In March 2013, Janne Puustinen faced an unusual situation. He was an IT director at Finnish industrial engineering giant Metso when the decision was made to demerge the corporation into two independent listed companies.
Puustinen was given nine months to build an entirely new IT organisation for what would become Valmet, an industrial technology company with more than 13,000 employees worldwide.
“It was a new challenge for me,” says Puustinen. ”My responsibility had been IT for one of Metso’s business divisions, and I got all our infrastructure services from group IT so I could focus mainly on business applications. Infrastructure was a new area that I suddenly had to learn more deeply than ever.”
Presented with a limited timeframe, Puustinen took an efficiency-based approach. Initially, the two demerging companies floated the idea of transitional service agreements and providing selected IT services to each other. But Puustinen and his colleagues opted against that, and instead copied Metso’s existing IT infrastructure and rebuilt it independently for both companies.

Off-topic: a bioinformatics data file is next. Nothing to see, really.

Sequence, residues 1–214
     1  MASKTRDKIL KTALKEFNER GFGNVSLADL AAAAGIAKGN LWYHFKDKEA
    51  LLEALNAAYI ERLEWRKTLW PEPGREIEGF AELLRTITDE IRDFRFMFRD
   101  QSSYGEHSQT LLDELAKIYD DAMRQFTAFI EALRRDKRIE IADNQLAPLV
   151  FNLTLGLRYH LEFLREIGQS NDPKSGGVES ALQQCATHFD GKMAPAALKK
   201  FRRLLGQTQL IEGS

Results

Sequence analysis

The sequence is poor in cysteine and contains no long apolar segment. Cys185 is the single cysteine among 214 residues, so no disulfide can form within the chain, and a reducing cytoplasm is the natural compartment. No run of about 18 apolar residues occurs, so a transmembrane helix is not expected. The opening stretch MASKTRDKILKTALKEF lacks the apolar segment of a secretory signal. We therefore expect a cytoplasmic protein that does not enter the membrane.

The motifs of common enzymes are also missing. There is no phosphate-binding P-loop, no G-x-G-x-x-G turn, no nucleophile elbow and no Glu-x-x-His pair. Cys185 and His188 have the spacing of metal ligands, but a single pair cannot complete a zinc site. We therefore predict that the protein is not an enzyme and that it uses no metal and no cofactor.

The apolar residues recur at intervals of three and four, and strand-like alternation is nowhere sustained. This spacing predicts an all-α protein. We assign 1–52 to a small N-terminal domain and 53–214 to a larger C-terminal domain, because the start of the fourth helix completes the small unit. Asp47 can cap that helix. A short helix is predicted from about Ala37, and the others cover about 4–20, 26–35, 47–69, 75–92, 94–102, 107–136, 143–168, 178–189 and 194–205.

It was no easy task. The work had to be done while Metso continued its normal operations. Puustinen calculated that the IT department performed the equivalent of 7,500 days’ extra work during the last half of 2013 – but still had no time for any real technology changes.
“It was very much a quick and dirty approach,” he says. “But in hindsight, one of the biggest lessons we learnt was that it was absolutely the right way to do this. If you continue to have shared IT services, which are built deep into your operations, you can’t truly develop a company independently. One big bang is better than continuous whining.”
Now Puustinen runs a well-functioning IT team of 150 people, and IT has been made a strategic part of Valmet’s operations. It is now a long way from the company’s early days when IT only had time to focus on keeping services going.
“One big bang is better than continuous whining”
Janne Puustinen, Valmet